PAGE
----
Nowadays, he says he loves the 12- to 14-hour days spent shopping, prepping and cooking for each Eat & Greet, and also relishes the chance to talk about recipes and swap stories with satisfied guests after the food is served. It’s all one big adventure for this Louisiana native. “In the restaurant business, chefs often don’t have any windows,” Rusty muses. “But we have no walls. I get to see the country, and not just see it, but experience it firsthand as well.”
EXPERIENCING AN EAT & GREET
“People are blown away. They come out expecting hot dogs and hamburgers, and instead they get to experience food that they’ve never had before,” says Chef Rusty, who loves visiting with the farmers and taking advantage of what the seasons and the local markets have to offer. Rusty and his two sous chefs research each concert location ahead of time to find out what local organic farms and markets are in the area. They try to buy from as many as they can to supply ingredients for that evening’s dinner.
Chef Rusty never knows what he will create until he determines what is in season at that time and what looks good to him.
He asks farmers for their opinions on items and even has local celebrity chefs join him in the kitchen on occasion. The menu is never the same, except for a few staple dishes. This is important to Rusty, as it allows him to constantly reinvent himself in the kitchen.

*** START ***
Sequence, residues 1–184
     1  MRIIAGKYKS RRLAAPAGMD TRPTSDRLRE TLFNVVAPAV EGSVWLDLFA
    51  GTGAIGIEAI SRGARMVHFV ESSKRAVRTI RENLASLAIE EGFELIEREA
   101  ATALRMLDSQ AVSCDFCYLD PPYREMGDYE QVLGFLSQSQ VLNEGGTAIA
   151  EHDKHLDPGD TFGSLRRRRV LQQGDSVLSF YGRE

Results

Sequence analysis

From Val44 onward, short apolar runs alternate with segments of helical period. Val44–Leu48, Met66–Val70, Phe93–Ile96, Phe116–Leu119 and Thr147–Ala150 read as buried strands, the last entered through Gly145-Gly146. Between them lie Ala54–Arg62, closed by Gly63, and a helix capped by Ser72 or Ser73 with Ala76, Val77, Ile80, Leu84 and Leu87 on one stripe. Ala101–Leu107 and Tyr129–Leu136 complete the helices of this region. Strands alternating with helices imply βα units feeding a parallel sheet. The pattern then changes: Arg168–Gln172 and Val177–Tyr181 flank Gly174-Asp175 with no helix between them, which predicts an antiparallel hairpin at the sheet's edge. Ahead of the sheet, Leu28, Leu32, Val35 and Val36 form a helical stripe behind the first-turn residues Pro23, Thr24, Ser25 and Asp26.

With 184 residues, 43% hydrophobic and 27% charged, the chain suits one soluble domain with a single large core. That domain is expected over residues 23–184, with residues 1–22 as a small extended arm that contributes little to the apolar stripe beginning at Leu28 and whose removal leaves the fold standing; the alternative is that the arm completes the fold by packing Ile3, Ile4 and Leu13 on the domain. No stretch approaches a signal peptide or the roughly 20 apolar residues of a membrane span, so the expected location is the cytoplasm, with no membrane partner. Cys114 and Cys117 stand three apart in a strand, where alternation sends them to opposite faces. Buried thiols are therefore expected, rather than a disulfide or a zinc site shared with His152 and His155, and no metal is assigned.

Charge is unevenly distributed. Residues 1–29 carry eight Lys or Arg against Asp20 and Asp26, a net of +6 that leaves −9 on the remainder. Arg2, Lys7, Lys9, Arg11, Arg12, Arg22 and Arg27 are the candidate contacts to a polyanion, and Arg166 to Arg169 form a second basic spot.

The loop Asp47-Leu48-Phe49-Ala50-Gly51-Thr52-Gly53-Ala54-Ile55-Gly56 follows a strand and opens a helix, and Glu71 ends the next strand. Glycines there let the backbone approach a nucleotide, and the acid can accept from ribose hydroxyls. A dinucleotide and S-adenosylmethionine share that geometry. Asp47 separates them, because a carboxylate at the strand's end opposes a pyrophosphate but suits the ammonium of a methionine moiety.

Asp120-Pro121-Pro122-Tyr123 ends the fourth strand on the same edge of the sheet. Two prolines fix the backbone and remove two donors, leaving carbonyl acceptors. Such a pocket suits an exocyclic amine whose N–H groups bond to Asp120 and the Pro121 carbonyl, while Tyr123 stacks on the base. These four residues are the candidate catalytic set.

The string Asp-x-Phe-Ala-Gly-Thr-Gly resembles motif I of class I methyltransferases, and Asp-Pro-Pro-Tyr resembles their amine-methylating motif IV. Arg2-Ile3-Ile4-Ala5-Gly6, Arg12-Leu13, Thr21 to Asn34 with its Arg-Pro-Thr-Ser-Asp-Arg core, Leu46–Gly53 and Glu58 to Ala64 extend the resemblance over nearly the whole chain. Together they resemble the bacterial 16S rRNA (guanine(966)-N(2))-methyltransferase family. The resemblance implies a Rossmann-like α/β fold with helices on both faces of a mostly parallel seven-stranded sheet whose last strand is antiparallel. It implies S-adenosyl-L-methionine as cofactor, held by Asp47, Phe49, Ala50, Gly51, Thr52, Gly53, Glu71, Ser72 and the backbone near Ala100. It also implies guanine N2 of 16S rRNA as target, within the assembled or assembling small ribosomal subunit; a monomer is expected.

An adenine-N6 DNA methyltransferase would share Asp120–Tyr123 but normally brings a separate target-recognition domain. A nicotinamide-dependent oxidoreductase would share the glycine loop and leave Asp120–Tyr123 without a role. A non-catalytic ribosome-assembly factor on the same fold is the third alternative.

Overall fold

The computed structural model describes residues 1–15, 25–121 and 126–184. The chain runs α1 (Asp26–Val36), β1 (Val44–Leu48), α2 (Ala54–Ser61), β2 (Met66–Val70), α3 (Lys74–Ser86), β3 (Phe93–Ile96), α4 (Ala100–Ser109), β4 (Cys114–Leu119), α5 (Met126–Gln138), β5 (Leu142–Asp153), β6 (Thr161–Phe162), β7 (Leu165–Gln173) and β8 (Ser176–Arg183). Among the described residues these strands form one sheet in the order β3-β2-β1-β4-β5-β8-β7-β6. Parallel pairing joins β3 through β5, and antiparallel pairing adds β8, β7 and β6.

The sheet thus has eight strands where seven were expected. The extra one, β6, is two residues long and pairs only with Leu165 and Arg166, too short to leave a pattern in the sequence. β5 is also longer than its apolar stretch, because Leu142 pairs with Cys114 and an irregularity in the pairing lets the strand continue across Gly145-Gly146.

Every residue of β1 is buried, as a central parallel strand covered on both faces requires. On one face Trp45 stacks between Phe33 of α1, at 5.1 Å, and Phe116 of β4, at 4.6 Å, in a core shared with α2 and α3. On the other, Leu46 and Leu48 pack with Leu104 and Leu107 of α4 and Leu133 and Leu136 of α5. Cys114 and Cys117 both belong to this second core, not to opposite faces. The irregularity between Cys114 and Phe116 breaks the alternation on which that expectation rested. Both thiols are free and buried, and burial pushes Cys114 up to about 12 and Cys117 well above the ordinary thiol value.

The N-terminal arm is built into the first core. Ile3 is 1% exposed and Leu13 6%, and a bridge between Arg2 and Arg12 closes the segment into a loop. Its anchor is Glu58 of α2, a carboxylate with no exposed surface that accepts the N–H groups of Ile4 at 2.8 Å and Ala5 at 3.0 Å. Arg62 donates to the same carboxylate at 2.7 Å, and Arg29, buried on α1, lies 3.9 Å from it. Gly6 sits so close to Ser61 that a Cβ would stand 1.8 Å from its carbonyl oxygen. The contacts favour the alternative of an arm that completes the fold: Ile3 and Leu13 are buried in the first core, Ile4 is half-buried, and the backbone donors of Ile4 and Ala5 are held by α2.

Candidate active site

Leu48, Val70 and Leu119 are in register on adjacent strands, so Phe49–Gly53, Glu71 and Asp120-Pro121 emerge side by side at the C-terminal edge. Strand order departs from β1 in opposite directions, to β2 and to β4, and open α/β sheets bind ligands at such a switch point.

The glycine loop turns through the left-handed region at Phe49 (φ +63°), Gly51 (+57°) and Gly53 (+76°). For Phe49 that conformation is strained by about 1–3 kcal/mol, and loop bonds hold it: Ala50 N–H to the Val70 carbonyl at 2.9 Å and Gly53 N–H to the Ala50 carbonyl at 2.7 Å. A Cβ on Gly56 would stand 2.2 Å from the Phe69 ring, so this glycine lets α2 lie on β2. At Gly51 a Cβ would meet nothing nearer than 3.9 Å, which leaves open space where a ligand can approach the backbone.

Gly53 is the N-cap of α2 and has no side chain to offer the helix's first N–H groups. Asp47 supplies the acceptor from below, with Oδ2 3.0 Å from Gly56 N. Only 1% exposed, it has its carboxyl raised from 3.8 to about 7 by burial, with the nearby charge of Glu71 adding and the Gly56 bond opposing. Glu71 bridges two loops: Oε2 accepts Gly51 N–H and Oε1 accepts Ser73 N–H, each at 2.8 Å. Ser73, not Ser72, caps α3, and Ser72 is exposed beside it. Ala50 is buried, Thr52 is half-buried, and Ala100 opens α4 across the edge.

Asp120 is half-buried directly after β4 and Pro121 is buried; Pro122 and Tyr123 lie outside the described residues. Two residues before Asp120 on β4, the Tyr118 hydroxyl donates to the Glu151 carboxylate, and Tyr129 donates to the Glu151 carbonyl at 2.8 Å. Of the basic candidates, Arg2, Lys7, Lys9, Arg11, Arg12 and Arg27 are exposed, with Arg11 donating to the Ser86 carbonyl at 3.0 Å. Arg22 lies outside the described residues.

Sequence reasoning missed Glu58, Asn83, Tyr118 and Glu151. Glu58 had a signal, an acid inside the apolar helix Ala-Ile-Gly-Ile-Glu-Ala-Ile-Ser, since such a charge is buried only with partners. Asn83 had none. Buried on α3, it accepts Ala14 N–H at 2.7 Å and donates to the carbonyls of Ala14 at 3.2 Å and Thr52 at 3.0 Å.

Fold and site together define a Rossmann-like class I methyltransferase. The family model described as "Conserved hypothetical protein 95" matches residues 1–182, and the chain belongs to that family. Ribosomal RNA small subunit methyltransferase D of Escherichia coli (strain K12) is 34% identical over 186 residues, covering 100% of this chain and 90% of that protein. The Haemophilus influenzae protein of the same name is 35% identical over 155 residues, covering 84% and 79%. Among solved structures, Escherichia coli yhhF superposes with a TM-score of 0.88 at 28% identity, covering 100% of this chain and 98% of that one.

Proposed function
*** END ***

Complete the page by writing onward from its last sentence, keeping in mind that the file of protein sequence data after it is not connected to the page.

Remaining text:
ON THE MENU AT AN EAT & GREET
Chef Rusty’s formal training, his Baton Rouge upbringing, the fresh ingredients he bought that day at Delicious Orchards in Holmdel, New Jersey, and his homespun creations made the meal at the Eat & Greet that I attended fabulous!
- Avocado Cornbread
- Zac’s Pocket Knife Cole Slaw
- Cantaloupe Gazpacho Salad, with cucumber, red onion, basil, lemon, heirloom cherry tomatoes, peppers, and Bloody Mary Vinaigrette
- Summer Corn Pudding, with oyster mushrooms, Brie cheese, sun dried tomatoes, and crispy parma prosciutto
- Pork Tenderloin in Zac’s Love Sauce
- Zac’s Georgia Clay Rubbed Beef Filet
- N.J. Blueberry Fried Pie Cobbler with lemon whipped cream
- Tuscan Sheep’s Milk Ricotta-stuff ed Zucchini Flower, with Parmesan and pine nuts
- Grilled Green Beans, with artichoke, tomato, basil, kalamata olives and Romano
“I’m in a movement with a lot of chefs to keep people from buying imported produce and go back to where you get 100 percent of it from a local farmer, ” he says. “That helps not just our health — because we have no idea what they’re pumping into those [other] vegetables — but it also helps the local economy.”
In addition to shopping at local farms, the band gives free tickets to the farmers and mentions them before the dinner begins to show their appreciation. Zac’s fan club (the Zamily) now includes the farmers themselves, who are eager to off er their products in the feast.
I have to admit, in addition to being totally impressed by the meal, Jeff and I both got a kick that we were being served by the entire band — and of course, who doesn’t want to meet Zac Brown in person?
But the Eat & Greet is not just about a fabulous meal or meeting the band in a personal setting. It is about recognizing local sustainable farms and farmers across the country who deserve to be appreciated for their eff orts in a very tough economy. The Zac Brown Band and Chef Rusty do just that — deliciously.